In a distributed cloud, it is crucial to detect and eliminate faulty network entities in order to protect network assets and mitigate the risks associated with constantly arising attacks. Much research has been conducted on locating a single static black hole, which is defined as a network site whose existence is known a priori and that disposes of any incoming data without leaving any trace of this occurrence. In this paper, we introduce a specific attack model that involves multiple faulty nodes that can be repaired by mobile software agents, as well as what we call a gray virus that can infect a previously repaired faulty node and turn it into a black hole. The Faulty Node Repair and Dynamically Spawned Black Hole Search (FNR-DSBHS) problem that proceeds from this model is much more complex and realistic than the traditional Black Hole Search problem. We first explain why existing algorithms addressing the latter do not work under this new attack model. We then distinguish between a one-stop gray virus that, after infecting a faulty node that has been repaired, can no longer travel to other nodes; and a multi-stop gray virus. We observe that, in an asynchronous network, a solution to the FNR-DSBHS problem is possible only when dealing with a single one-stop gray virus. In that specific context, we present a solution for an asynchronous ring network using a token model, that is, a ring in which a constant number of tokens is the only means of communication between the team of agents. We claim that, in such a ring, b + 9 agents can repair all faulty nodes as well as locate the black hole that is infected by this single one-stop gray virus. We prove the correctness of the proposed solution and analyze its complexity in terms of number of mobile agents used and total number of moves performed by these agents. We show that in the worst case, within O(kn2) moves, b + 9 agents suffice to repair b faulty nodes and report the location of the black hole that is infected, at any arbitrary point in time, by the one-stop gray virus.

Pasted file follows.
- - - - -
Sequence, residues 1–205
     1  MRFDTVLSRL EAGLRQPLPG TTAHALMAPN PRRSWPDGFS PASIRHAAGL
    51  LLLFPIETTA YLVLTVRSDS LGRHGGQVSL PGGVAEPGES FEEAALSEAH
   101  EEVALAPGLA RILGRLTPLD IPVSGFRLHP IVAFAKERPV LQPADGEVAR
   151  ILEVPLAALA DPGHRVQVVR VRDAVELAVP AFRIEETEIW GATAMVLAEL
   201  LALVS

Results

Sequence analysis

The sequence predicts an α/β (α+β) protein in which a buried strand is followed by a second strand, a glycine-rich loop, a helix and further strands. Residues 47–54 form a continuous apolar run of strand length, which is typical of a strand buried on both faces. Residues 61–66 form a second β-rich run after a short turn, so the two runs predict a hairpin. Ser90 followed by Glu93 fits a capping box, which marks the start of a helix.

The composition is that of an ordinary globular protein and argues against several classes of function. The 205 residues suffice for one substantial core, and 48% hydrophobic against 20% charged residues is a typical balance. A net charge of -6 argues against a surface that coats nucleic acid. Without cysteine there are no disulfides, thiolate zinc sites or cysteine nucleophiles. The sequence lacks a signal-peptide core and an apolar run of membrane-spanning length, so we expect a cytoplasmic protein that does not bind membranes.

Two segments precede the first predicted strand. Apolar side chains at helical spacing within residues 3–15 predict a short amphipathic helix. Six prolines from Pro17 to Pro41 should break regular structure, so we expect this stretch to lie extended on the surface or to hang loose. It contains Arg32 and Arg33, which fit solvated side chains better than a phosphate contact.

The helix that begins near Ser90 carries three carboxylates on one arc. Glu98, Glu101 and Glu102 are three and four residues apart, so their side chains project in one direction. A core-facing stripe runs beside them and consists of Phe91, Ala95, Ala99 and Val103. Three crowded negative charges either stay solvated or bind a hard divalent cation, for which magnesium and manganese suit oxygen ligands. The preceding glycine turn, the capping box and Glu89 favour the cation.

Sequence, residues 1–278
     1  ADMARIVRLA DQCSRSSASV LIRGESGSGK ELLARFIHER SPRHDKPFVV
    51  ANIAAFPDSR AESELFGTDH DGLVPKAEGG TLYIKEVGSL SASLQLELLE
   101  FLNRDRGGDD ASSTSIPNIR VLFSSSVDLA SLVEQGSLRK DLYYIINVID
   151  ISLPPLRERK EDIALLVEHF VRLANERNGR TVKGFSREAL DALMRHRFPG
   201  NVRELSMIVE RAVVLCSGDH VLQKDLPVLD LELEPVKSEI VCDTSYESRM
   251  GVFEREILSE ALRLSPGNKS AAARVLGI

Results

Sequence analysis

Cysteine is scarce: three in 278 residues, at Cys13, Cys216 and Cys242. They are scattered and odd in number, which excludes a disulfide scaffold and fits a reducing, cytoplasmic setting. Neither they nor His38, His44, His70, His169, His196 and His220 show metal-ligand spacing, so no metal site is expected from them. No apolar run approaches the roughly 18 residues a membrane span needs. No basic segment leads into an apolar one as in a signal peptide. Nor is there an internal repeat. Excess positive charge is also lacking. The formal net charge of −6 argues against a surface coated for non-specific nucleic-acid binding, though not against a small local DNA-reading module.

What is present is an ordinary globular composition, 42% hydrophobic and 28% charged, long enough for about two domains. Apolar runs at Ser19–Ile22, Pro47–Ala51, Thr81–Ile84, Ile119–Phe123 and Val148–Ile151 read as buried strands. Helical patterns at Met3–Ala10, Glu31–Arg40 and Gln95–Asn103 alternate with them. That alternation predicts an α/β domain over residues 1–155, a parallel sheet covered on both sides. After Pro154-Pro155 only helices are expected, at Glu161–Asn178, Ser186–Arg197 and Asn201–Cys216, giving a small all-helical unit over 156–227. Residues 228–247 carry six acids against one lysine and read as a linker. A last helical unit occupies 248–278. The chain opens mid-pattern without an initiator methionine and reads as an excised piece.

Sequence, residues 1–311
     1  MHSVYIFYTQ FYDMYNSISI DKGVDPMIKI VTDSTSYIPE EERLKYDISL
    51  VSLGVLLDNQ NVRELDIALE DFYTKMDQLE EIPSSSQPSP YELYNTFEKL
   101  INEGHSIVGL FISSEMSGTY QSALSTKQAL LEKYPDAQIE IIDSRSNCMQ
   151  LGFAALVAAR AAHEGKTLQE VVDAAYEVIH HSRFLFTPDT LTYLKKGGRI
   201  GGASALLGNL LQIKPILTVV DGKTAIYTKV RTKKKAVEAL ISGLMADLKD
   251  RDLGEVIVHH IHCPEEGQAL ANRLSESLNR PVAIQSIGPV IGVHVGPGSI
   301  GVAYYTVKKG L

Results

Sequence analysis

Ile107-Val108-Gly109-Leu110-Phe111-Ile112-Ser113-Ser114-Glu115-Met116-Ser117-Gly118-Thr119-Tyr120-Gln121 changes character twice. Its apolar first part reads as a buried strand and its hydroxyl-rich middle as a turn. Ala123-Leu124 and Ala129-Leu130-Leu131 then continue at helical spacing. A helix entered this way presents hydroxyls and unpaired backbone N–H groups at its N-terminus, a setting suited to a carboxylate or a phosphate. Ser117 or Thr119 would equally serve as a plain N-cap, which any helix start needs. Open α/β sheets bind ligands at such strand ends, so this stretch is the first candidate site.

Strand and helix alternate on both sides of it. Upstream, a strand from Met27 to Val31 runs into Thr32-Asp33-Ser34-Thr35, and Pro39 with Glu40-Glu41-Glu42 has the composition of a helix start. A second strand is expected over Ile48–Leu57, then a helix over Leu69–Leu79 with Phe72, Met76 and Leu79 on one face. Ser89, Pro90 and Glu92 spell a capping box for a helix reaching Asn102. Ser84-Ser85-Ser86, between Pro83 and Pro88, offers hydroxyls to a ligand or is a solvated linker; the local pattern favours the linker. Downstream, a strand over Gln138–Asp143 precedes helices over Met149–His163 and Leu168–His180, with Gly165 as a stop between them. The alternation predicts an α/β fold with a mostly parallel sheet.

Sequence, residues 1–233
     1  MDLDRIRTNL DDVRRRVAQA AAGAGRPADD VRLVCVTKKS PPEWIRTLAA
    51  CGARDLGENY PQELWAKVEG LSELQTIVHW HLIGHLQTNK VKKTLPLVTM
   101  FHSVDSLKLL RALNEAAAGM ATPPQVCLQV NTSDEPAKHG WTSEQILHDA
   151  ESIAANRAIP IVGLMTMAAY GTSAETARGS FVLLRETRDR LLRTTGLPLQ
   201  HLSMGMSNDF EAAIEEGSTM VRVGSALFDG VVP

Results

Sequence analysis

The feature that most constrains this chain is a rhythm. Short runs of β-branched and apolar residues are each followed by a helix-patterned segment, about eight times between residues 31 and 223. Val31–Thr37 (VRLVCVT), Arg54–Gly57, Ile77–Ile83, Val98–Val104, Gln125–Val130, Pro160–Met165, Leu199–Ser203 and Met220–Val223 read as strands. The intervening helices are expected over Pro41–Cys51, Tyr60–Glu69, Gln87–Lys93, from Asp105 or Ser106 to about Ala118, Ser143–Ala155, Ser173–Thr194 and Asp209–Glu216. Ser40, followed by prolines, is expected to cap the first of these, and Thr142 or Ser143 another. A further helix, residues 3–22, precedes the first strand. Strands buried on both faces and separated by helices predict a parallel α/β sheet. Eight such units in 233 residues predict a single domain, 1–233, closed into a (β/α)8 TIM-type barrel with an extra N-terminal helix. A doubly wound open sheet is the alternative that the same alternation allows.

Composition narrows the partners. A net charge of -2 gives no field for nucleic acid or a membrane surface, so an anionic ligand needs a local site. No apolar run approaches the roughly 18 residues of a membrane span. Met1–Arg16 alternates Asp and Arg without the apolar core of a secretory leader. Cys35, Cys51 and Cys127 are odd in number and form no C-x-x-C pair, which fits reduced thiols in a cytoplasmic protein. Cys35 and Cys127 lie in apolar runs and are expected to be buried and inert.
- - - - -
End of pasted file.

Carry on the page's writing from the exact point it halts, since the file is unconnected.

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6th IEEE Conference on Communications and Network Security, CNS 2018
School of Computer Science

Peng, M. (Mengfei), Shi, W, & Corriveau, J. (2018). Repairing faulty nodes and locating a dynamically spawned black hole search using tokens. In 2018 IEEE Conference on Communications and Network Security, CNS 2018. doi:10.1109/CNS.2018.8433160